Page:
Divided Government versus Incumbency Externality Effect - Quasi-experimental Evidence on Multiple Voting Decisions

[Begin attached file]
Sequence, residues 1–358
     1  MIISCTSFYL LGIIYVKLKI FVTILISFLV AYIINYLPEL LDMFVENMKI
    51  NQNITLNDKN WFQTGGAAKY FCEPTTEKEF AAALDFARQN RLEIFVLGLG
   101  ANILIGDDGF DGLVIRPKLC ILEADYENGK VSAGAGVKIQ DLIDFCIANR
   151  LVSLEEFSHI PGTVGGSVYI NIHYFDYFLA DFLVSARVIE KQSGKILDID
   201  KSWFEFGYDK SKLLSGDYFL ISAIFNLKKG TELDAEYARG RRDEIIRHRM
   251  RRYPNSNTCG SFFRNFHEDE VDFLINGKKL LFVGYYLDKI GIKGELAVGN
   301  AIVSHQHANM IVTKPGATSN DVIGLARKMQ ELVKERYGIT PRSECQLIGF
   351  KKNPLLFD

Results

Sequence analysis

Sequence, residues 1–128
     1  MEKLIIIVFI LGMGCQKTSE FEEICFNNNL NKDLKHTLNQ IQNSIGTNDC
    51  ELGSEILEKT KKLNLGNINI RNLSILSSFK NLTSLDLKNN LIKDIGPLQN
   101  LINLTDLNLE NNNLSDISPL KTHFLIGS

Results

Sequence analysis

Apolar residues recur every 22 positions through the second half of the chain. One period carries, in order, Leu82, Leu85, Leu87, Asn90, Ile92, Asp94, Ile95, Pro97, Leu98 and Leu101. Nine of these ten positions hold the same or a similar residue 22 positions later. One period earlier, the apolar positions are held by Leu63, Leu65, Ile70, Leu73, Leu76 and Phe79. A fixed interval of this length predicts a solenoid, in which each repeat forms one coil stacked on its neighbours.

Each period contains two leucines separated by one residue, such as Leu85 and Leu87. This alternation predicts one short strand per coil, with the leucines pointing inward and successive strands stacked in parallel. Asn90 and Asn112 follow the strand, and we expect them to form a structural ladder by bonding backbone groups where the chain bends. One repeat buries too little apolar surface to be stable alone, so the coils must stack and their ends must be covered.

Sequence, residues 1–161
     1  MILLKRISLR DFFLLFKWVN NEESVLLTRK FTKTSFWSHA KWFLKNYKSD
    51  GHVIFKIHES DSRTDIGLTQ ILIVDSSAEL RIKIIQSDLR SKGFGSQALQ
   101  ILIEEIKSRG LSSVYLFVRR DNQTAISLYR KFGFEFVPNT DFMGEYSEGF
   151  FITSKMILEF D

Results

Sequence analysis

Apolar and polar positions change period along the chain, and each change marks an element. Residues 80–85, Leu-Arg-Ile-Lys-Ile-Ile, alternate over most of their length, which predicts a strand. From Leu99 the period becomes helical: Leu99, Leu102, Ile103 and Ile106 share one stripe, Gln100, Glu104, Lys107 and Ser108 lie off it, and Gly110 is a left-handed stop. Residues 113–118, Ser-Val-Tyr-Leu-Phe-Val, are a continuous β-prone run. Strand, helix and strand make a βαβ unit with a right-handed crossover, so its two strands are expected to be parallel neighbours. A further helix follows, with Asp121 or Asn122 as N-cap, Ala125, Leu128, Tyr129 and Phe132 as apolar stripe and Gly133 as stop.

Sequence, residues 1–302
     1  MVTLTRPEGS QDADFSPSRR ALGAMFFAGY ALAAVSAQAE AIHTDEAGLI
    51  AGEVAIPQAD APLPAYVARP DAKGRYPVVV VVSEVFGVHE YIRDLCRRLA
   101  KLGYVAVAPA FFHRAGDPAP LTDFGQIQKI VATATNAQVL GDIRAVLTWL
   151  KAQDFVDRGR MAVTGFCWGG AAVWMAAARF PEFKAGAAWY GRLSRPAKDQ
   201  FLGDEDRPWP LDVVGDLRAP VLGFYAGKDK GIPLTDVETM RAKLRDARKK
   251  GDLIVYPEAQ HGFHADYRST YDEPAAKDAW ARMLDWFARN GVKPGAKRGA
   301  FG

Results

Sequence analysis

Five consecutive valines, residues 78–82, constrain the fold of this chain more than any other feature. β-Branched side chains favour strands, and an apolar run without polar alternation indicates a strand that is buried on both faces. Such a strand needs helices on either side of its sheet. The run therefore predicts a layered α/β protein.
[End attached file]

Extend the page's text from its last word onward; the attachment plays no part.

This paper explores the interdependency of political institutions from the voter’s perspective. Specifically, we are interested in: (1) Does the partisan identity of the mayor influence the voter’s decision in the subsequent town council election?; (2) Does this partisan identity influence the vote in ensuing higher level elections?; and (3) Do voters condition their vote for the mayor on the result of the last council election? We rely on a regression discontinuity design focusing on close election outcomes based on municipal level data for Germany. We find (1) that the party of the mayor can receive a bonus of 4-6 percentage points in vote share in the next town council election (depending on the timing of the local elections). (2) The mayor partisan identity does not affect federal or European election outcomes within the same municipality. And (3), we show that voters punish mayor candidates of parties that performed strongly in earlier council elections. Throughout the paper, we explore how the findings can be related to an incumbency externality effect and to the theory of voter preferences for divided government.
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